There’s a real world out there, and most of the people living in it would laugh tears of bitter mirth at the very idea of a professional footballer at a club like Leeds United actually whinging about or even worrying about money. As a breach of good taste and etiquette, that knocks passing port to the right into a cocked hat. Things may well get a good deal worse at Leeds before they get better – but even if they do, all the sympathy should be reserved for the fans, those long-suffering fans who follow them everywhere, at vast expense, leaving home fans in awe of their sheer gutsiness wherever they visit. There was the usual raucous army down at Bournemouth, most of whom will have arrived home, cold and dispirited and about £100 lighter in the pocket, sometime in the dawn hours of Wednesday morning. How will they feel when they hear about the players’ petty worries? Not too impressed, I’ll be bound. They might well think – what if nurses, or soldiers, or fire-fighters decided to stick the bottom lip out and sulk when things got a bit stretched financially? Where would we all be then? And they might well be tempted to snap at a discontented footballer: “Honestly – grow up”.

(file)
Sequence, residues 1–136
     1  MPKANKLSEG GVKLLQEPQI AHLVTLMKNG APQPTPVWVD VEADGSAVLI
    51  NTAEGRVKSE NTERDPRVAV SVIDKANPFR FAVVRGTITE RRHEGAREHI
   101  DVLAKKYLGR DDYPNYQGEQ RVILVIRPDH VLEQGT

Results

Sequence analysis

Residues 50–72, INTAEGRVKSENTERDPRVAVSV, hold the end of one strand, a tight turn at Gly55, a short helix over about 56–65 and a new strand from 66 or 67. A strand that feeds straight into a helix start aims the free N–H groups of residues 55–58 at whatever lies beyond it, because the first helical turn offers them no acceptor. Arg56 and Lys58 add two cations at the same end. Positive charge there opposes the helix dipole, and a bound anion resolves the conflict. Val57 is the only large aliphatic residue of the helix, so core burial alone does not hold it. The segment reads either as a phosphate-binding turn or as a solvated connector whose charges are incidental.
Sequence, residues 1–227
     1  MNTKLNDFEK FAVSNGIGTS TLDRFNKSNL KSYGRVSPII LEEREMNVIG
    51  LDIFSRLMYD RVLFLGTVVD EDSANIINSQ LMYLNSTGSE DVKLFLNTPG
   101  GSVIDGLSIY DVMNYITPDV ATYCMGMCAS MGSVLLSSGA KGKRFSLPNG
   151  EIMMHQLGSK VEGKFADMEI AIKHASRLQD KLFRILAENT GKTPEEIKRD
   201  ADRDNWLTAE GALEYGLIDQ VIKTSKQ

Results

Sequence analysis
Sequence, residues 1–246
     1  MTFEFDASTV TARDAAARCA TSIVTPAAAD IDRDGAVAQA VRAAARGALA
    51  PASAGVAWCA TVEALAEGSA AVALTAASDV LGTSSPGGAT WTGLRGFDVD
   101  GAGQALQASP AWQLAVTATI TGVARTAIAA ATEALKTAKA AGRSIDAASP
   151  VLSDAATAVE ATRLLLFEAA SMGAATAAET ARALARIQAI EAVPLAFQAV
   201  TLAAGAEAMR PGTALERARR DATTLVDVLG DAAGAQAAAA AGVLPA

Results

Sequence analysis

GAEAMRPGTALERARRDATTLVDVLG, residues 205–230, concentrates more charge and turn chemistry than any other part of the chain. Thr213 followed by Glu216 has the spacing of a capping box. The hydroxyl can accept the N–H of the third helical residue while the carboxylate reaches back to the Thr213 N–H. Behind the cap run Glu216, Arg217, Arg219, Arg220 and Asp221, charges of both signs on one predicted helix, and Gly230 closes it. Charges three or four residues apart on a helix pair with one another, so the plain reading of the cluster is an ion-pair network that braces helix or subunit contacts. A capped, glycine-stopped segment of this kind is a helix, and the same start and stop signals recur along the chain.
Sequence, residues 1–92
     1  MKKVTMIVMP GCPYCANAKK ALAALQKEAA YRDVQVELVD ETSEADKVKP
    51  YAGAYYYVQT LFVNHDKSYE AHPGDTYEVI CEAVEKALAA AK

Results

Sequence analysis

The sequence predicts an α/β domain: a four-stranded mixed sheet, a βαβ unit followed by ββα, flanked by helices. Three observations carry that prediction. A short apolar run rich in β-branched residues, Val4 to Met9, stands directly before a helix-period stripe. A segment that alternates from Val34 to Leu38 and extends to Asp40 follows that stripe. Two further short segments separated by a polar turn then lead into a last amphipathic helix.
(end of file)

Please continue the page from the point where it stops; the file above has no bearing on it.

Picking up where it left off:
Leeds United as a club doesn’t have a lot going for it at the moment. It doesn’t own its stadium or its training ground. It’s beset by takeover crises and an ownership and investment situation which seems to worsen by the hour. But what it does have is undeniably the best support around – it’s the last real asset of the Leeds United “brand” and as such, it’s something the club simply cannot afford to squander. But really – even a fanatic will run out of enthusiasm at some point – probably about the same point a saint loses the last shreds of his or her patience. It’s a finite resource, like anything else. And if there’s one thing guaranteed further to sicken a devoted fan who has just made a round trip of hundreds of miles at great expense to see the heroes in white get well and truly stuffed, it’s to be made aware that those so-called heroes can think only about the next wedge of cash due to them – and sadly not about those poor fans, without whom there would be no game of football for them to get overpaid to play.
That’s a terribly sad situation, and I truly hope that all parties to this tasteless leak of unpalatable information get a lot of earache for it, together with a stern reminder of what real life is like out there in the real world. I’m a devoted Leeds United fan, and there’s not much about my beloved club that could ever genuinely nauseate me.
But this thing has – it really, really has.